Is Light Heavyweight so Shallow That Middleweights Get Title Shots in UFC 152?
Jon Jones is currently set to defend the UFC middleweight championship against Vitor Belfort after refusing to face Chael Sonnen.
Wait, that can't be right. Anderson Silva is the UFC middleweight champion.
Jon Jones is currently set to defend the UFC light-heavyweight championship against top middleweight contender Vitor Belfort, after refusing a bout with middleweight contender Chael Sonnen.
Although that sentence doesn't make much more sense than the first, that is the current landscape of the UFC light-heavyweight title picture. With reports that Shogun Rua and Lyoto Machida have both turned down a crack at the reigning champion, the UFC turned to the stars who fight at 185 pounds for relief.
While it is commonplace for stars to drop down to a lower weight class, rarely do we see elite fighters decide to bulk up in order to fight bigger, stronger opponents.
Is the light-heavyweight division so shallow that middleweights are getting title shots? Let's take a look at the current roster and see why Dana White is looking past the members of the light-heavyweight division when in need of a 205-pound contender.
Once the strongest division in all of MMA, the light-heavyweight division recently had a roster that included Jon Jones, Shogun Rua, Dan Henderson, Rampage Jackson, Lyoto Machida, Forrest Griffin, Rich Franklin, Chuck Liddell, Randy Couture, Tito Ortiz, Matt Hamill, Thiago Silva, Ryan Bader, Wanderlei Silva, Phil Davis, Rashad Evans, Antonio Nogueira, Alexander Gustafsson, Keith Jardine and an occasional appearance from Anderson Silva.
These days, star power is quite limited. Liddell, Couture and Ortiz are retired. Wanderlei, Franklin and Anderson Silva call middleweight their home, with Rashad reportedly to follow behind them. Rampage, Jardine, Lil Nog and Griffin are likely nearing the end of their pugilistic careers.
Who does that leave? Are Jones, Henderson, Shogun, Machida, Hamill, Bader, T. Silva, Davis and Gustafsson the only members of the division who are still relevant and have more than two or three years left in their careers?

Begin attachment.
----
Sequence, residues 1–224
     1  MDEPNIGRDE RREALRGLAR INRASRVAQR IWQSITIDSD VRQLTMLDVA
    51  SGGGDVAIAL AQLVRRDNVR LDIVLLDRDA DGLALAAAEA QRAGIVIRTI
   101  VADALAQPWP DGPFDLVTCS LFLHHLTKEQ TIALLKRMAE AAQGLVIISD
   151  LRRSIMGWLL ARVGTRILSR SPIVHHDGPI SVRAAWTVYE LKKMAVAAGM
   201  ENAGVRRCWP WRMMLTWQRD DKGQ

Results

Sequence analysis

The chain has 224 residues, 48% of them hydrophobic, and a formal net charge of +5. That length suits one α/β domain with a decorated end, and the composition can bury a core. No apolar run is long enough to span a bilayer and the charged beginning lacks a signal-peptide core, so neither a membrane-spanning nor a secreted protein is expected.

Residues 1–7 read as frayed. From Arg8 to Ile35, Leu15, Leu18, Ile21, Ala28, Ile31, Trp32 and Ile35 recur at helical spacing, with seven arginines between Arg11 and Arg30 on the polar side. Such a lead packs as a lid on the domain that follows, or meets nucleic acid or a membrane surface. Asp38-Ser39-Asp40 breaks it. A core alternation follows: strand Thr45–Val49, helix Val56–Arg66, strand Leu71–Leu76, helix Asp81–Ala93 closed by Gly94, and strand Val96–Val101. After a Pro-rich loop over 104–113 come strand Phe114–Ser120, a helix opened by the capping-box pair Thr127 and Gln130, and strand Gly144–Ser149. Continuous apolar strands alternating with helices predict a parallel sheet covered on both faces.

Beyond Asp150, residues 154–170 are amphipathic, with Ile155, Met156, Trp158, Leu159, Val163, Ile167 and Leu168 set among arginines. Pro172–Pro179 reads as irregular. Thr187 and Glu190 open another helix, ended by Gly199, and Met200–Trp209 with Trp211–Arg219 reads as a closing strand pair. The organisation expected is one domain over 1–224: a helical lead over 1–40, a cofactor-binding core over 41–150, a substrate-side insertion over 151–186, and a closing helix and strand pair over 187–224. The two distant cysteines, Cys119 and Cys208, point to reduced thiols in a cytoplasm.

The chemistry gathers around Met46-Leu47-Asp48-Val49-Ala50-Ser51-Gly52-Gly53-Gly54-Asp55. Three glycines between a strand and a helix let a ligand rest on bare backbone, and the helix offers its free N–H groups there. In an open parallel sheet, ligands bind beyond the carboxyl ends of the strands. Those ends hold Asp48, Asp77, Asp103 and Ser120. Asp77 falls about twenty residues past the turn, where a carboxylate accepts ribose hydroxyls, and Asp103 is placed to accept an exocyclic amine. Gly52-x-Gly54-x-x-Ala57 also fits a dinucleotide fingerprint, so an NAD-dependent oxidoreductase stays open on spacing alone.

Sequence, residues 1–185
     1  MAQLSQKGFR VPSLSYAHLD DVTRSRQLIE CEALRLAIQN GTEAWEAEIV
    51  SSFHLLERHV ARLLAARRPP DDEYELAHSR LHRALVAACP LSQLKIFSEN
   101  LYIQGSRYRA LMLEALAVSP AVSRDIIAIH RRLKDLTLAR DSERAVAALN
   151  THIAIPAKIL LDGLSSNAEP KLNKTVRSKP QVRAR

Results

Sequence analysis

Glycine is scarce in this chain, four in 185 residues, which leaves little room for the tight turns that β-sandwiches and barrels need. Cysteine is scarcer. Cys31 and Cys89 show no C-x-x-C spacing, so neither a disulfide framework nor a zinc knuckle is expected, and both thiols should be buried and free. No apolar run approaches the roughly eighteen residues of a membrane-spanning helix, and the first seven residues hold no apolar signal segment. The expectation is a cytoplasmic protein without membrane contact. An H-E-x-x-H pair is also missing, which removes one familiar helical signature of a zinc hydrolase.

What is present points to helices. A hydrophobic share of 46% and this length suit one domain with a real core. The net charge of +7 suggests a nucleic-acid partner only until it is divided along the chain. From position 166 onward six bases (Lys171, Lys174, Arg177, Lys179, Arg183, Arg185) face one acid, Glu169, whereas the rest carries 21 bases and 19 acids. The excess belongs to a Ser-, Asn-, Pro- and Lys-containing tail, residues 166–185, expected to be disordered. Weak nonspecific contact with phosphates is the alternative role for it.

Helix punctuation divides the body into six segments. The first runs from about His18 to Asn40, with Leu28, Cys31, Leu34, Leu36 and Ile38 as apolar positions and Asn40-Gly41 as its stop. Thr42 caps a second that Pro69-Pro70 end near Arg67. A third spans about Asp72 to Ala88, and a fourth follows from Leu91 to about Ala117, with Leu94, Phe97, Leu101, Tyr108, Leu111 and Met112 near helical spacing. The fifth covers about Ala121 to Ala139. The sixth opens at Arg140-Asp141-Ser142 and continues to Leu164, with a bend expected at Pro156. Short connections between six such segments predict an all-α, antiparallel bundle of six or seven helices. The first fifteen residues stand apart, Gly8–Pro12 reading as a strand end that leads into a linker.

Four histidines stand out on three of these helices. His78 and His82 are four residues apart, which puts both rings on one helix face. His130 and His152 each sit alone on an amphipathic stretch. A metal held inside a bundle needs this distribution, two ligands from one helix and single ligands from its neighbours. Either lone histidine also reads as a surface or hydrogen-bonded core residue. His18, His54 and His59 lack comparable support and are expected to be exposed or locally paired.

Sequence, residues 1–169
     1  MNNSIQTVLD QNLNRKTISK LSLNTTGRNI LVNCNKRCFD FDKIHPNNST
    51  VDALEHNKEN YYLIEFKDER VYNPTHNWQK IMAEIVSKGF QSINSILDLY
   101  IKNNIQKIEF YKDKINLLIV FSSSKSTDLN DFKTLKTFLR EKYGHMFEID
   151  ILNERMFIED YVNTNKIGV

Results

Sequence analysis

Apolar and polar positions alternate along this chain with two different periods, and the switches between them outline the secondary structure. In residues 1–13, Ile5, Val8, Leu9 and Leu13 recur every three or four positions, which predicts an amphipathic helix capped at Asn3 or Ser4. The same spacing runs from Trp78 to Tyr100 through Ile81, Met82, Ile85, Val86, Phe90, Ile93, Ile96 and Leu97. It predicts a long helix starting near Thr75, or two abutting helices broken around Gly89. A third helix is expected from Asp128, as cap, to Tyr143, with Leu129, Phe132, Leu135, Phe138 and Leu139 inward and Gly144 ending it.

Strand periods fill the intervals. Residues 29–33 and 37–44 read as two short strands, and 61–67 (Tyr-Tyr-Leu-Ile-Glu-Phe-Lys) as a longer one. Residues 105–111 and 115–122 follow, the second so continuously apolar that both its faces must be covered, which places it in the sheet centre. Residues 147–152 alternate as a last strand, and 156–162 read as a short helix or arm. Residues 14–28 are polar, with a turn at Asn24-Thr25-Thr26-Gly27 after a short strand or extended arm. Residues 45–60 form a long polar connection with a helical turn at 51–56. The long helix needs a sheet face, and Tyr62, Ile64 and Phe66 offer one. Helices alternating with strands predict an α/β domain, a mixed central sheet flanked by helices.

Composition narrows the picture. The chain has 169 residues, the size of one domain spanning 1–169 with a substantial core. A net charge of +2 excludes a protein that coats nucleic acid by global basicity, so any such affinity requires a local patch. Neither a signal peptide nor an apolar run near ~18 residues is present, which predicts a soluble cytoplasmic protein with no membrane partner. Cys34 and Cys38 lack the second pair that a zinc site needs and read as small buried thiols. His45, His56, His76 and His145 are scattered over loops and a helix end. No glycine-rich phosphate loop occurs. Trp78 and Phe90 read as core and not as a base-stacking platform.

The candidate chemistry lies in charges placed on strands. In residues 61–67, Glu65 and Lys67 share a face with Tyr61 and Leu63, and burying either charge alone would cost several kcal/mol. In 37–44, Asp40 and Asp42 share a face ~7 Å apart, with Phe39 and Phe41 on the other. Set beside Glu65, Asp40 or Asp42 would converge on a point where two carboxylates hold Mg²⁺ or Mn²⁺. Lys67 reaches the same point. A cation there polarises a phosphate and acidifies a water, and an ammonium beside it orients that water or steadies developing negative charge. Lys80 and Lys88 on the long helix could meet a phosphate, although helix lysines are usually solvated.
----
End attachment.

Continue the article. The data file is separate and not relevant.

Excluding Jones and the opponents he has previously bested, fresh contenders are available in the form of Dan Henderson, Thiago Silva, Phil Davis and Alexander Gustafsson. Unfortunately, Gustafsson is the only one of the bunch who is healthy and coming off of a win.
If Glover Teixeira gets past Rampage this Fall, he could potentially be a title contender as early as January. But is the UFC really going to give a title shot to someone with only two fights in the organization?
Top prospects Jimi Manuwa and Ryan Jimmo look promising, however, both men are unproven entities who we cannot yet bank on.
Perhaps it is time that the UFC cash in their chips and collect on their Strikeforce investment. Dangerous fighters Gegard Mousasi, Rafael Cavalcante and Roger Gracie are members who could breathe new life into the division.
Randy Couture once recognized that the division above his was weak, so he moved up to heavyweight and recaptured the UFC heavyweight championship from Tim Sylvia. Are the UFC middleweights trying to capitalize on a perceived weakness in the class above them?
In all fairness to both Vitor Belfort and Chael Sonnen, this is hardly new territory for either man, as they both have a history competing at light heavyweight. Belfort was once the UFC light-heavyweight champion and Sonnen had recently announced his return to 205.
In the end, fans don't seem willing to believe that an elite middleweight can compete with the world's best light-heavyweight, as Jon Jones opened as a 13:1 favorite over Belfort for their UFC 152 encounter.
Can Vitor Belfort shock the world on behalf of the middleweight division? Oddsmakers don't seem to think so. What do you think?
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